Shaft: Check the drive end of the shaft for wear (as well as in the seal area ) where signs of excessive wear include pitting or grooves. If it’s worn or pitted, the shaft needs to be replaced. Otherwise, it won"t seal properly.

After the above parts have been checked and the various points have been considered, decide if the pump is repairable. If it’s just a repair, grab yourself a repair kit and the following tools: socket, hammer, cradle (to support the housing), file and a measuring tool, to name a few. Then follow these steps to disassemble the pump: 

  1. Remove the adapter from the pump shaft.
  2. File off any burrs on the pump shaft.
  3. With a screwdriver, pry bearing covers off of the endplate and body.
  4. Remove the endplate bolts.
  5. Support the pump at its ports in a support fixture with the endplate down. Place it on a press bed. Center the press on the pump shaft and apply pressure to press the pump apart. Note that the shaft and rotor will remain with the endplate.
  6. Remove the rollers and endplate o-ring seal.
  7. To disassemble the rotor from the shaft, place the endplate in the support fixture with the rotor down. Center the 3/8" bolt on the pump shaft and apply pressure to press the shaft out of the bearing.
  8. With the endplate in the support fixture and the front of the endplate facing down, center the bearing support tool and slowly press the bearing out of the casting. Repeat the procedure to remove the bearing from the pump body.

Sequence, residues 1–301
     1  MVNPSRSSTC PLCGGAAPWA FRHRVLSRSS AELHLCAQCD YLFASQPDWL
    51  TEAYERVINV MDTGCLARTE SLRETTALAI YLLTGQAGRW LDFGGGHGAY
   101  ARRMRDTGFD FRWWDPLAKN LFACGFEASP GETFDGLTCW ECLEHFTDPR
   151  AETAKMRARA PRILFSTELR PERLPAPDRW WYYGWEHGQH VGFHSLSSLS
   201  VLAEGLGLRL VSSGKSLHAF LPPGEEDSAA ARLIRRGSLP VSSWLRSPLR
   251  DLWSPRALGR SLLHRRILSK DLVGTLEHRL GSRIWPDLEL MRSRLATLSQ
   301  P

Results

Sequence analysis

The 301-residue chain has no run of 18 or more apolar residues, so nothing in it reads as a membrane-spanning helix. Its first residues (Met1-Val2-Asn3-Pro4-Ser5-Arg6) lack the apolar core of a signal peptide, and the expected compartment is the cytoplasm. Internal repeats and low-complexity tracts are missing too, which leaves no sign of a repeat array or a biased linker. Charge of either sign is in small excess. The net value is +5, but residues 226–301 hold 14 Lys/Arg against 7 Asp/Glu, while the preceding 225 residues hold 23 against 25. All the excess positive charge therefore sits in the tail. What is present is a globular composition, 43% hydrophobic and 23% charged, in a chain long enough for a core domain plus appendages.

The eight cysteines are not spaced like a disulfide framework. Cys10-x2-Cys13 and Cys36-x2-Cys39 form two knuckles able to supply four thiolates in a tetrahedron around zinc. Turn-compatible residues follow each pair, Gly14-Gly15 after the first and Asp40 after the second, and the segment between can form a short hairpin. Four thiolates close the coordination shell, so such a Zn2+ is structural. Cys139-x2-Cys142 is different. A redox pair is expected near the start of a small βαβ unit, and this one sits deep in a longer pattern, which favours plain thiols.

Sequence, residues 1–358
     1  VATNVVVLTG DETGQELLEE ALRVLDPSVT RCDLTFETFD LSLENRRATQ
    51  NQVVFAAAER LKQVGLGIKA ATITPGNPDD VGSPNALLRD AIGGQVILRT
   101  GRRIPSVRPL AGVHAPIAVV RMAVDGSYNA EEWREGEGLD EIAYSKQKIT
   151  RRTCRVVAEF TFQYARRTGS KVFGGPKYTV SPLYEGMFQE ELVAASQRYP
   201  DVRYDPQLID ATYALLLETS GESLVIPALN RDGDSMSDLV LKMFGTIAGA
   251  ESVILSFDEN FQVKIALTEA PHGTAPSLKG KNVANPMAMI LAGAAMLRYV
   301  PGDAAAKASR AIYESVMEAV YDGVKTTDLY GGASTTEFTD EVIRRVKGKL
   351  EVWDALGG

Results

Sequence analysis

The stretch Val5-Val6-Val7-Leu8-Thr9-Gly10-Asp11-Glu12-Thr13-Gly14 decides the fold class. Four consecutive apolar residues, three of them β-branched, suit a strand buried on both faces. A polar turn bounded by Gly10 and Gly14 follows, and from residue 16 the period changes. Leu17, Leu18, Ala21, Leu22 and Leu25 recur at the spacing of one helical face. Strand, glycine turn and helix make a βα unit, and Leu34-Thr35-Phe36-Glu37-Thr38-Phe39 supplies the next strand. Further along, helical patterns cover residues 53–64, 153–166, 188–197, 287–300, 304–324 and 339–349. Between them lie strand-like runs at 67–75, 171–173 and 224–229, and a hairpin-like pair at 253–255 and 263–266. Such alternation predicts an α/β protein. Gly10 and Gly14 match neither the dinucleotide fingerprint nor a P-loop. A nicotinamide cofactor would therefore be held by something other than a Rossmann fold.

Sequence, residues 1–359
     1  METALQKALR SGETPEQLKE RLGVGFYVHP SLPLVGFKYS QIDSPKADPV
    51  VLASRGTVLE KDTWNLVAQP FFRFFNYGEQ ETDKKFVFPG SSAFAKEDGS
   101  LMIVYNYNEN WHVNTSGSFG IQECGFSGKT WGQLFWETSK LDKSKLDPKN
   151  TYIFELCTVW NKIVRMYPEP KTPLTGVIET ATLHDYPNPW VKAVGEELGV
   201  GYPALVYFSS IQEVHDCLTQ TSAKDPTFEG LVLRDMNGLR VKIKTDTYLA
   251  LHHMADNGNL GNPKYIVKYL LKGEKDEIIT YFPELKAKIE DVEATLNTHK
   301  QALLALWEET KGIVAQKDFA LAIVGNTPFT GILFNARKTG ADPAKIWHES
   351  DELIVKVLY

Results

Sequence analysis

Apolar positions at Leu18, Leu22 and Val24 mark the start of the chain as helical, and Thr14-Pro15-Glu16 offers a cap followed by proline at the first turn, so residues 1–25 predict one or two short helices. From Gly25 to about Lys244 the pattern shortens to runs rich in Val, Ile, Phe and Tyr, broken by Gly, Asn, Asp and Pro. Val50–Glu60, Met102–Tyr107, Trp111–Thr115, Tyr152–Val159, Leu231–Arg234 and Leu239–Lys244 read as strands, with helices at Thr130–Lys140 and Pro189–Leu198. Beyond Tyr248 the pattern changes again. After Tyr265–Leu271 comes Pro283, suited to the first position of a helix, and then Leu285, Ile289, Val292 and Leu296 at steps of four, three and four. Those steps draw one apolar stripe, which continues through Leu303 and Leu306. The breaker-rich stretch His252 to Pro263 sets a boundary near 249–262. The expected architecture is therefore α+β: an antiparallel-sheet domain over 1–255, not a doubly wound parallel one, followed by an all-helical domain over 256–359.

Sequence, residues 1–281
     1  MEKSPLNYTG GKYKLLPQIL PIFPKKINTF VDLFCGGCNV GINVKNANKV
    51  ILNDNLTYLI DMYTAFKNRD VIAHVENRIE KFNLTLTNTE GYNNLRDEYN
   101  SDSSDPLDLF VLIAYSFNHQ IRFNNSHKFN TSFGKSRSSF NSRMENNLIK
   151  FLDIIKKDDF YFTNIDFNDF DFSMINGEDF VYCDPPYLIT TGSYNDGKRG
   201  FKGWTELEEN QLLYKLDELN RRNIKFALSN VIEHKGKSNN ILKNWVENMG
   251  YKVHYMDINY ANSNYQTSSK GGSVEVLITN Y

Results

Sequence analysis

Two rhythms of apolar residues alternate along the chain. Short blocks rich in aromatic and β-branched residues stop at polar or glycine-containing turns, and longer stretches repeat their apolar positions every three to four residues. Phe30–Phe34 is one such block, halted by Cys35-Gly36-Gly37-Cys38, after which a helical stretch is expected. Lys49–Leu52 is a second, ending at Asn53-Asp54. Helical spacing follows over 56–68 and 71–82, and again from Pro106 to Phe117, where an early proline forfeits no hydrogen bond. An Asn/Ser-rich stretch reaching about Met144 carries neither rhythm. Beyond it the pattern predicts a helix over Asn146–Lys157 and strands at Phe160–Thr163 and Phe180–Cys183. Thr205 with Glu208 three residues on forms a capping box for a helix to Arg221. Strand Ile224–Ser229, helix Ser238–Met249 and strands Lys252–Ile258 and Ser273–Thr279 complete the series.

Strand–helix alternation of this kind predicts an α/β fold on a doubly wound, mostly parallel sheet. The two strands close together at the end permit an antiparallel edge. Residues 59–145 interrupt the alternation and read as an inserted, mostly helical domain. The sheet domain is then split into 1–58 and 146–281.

9. Punch the seals out of the endplate and body with screwdriver and hammer. Then discard the seals – seals can’t be removed without damaging them so you’ll need to replace them regardless.

Once the necessary repairs have been made and the pump is clean of debris. Reassemble the pump. Note that when you’re tightening the bolts tighten them in a crisscross pattern. Then check to see if the rotor is centered in the pump case by turning the pump shaft by hand. If the pump turns hard, place a wooden dowel against the end of the shaft, centering it on the shaft not the bearing. Tap lightly with a hammer. Try turning the shaft again and if it turns more easily you should be good. If this doesn’t do the trick, repeat the steps and tap the other end of the shaft. These minor adjustments will ultimately align the shaft, but if that doesn't work, try cleaning the pump - it's possible a piece of debris from a rag or something is caught inside.

Now that your roller pump is back in action, take care to ensure it lasts longer and performs better by taking care of it properly. After each use, make sure that you flush the pump with a neutralizing solution that's meant for the liquid you just pumped. Follow with a clean water rinse. This is especially important for corrosive chemicals. It is good practice to clean the pump after each use to prevent deposits from forming and damaging the pump.

Have any tips or tricks to add? Leave a note in the comments below. We'd love to hear from you.

Topics: Hypro Roller Pump Repair Kit, Sprayer Depot, Roller Pump, roller pumps, Hypro Roller Pump, Roller Pump Repair

Choose the Right Roller Pump

Posted by Sprayer Depot on Wed, Nov 12, 2014

Hypro roller pumpChoosing the right roller pump for your sprayer and application needs can be tricky. After all, the pump is the heart of the sprayer and roller pumps are the top all-around choice for agriculture and industrial spraying. This includes turf spraying of herbicides and pesticides, liquid fertilizers and many other liquids. These spray pumps have a low initial cost and are pretty versatile too. Still, there’s no one solution that meets everyone’s needs making the search for the best solution at times mystifying.